It's Deaf Awareness Week and a new book has been published, written to boost deaf awareness and tackle the lack of diversity in children’s book characters.
The book, an inspiring adventure story about a deaf girl and her hearing friend, [amazon_textlink asin='1909706132' text='Daisy and Ted’s Awesome Adventures' template='ProductLink' store='specialndsjungl-21' marketplace='UK' link_id='687bf49c-371e-11e7-bdfc-650439e98412'], written by Alex Naidoo, became an Amazon #1 best seller in its first week on sale.
The National Deaf Children’s Society published Alex's book after hearing from parents that it was really hard to find books with deaf characters for their children. There are more than 45,000 deaf children in the UK. The NDCS supports them and their families by providing impartial, practical and emotional support as well as campaigning for a world without barriers for deaf children and their families.
We asked Chief Executive of NDCS, Susan Daniels, to tell us more about the project.
Why we published a book for deaf children by Susan Daniels
I believe characters in stories should be as diverse as the people who read them, but only a handful of children’s books feature characters with disabilities or special educational needs.
Most of the 45,000 deaf children in the UK are born to hearing parents and go to mainstream schools where they may be the only deaf child, so they can feel quite isolated.
I’m proud to be Chief Executive of the National Deaf Children’s Society, which works tirelessly to change and challenge this situation.
That’s how [amazon_textlink asin='1909706132' text='Daisy and Ted’s Awesome Adventures' template='ProductLink' store='specialndsjungl-21' marketplace='UK' link_id='58a990d0-3723-11e7-b6ff-137bf3e1d63b'] came about. It’s a brilliant little book by Alex Naidoo, that follows a deaf girl and her hearing friend as they travel through time and space, meeting everyone from monsters and magicians to dragons and dinosaurs.
Having been deaf from the age of four, I would have loved to have a book like this when I was growing up. In all the stories that I read, there was never a character quite like me.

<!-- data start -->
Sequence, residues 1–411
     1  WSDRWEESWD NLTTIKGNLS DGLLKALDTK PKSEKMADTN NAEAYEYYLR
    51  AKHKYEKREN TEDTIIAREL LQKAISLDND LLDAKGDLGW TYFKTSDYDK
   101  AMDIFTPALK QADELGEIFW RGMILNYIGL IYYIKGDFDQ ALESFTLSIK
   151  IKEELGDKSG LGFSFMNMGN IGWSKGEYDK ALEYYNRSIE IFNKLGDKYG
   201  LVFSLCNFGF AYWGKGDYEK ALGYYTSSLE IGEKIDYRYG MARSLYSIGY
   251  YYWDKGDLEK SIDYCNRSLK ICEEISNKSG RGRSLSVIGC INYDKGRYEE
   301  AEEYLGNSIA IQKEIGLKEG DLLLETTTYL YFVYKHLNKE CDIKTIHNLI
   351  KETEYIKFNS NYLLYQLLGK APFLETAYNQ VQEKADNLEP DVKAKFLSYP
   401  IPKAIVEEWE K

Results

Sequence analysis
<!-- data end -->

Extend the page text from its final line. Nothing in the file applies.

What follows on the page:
Regrettably, I no longer fit into the age bracket of the book’s target audience, so feedback from Surrey Deaf Children’s Society and Whitehall Primary School in Chingford was invaluable in this project. Who better to advise on what makes a great book than the children you want to read it? Their thoughts and ideas helped to shape the storyline and illustrations, so that even before the book was published we knew it had a stamp of approval from deaf and hearing children.
Naeem Ghani, whose deaf six-year-old daughters were consulted on the book, said: “It’s great for the girls to see someone like themselves in a story; it encourages them and reassures them, as Daisy’s deafness creates some challenges but she always overcomes them. There should definitely be more books with deaf characters because we haven’t found anything else like this. It’s helpful for hearing children too, and even parents, to make them more aware and understanding.”
As a deaf mother with two hearing daughters, I have to agree with Naeem. I would love to have been able to read this to my girls when they were little - it would have been a great way of showing them how to communicate well with me, my partner and our deaf friends.
About the character, Daisy
Daisy always finds a creative solution for tackling challenges, for example, using sign language on board a noisy pirate ship and asking aliens to tuck their tentacles away from their mouths when talking so that she can lip-read!
Gruffalo author Julia Donaldson made it her mission as Children’s Laureate (2011-13) to promote stories for and about deaf children. She worked with the Life & Deaf Association to create What the Jackdaw Saw, a picture book about a hearing bird meeting deaf animals and learning to communicate with them. When we told her about Daisy and Ted, she said, “It’s great to see a fun, entertaining picture book which will help to raise awareness of deafness and inspire self-confidence in deaf children.”
Like Julia, I have a lot of ambitions for Daisy and Ted’s Awesome Adventures. I hope it gets hearing children to think about what deafness might be like and opens their eyes to different ways of communicating, so that if they meet someone who’s deaf they’ll find it easier to involve them.
I hope that when deaf children see a character like themselves in a book, it helps them to feel included and understood, and encourages them to dream big and show the world they can do anything their hearing friends can.
I don’t think my ambitions are unrealistic. The book became a best seller on Amazon in its first week on sale and we’ve had some really brilliant feedback on social media from children and parents alike.
Storytelling is a very powerful thing, and I truly believe this book can make a real difference – but ultimately, it’s a fun adventure story for children to enjoy whether they are deaf or hearing.
You can find out more at ndcs.org.uk/awesomeadventures and the [amazon_textlink asin='1909706132' text='book is on sale on Amazon.' template='ProductLink' store='specialndsjungl-21' marketplace='UK' link_id='c34f8bce-3724-11e7-accf-833d17124f16'] All money raised through book sales will help the National Deaf Children’s Society to create a world without barriers for every deaf child.
Sign up for SNJ new post alerts
- Family Fund grants: the who, what and how to apply - September 29, 2020
- The dyslexia ‘battle’ and middle-class mums? I think we need to look at the broader picture - September 25, 2020
- Coronavirus guidance: What mainstream settings should do to ensure the inclusion of disabled children - September 14, 2020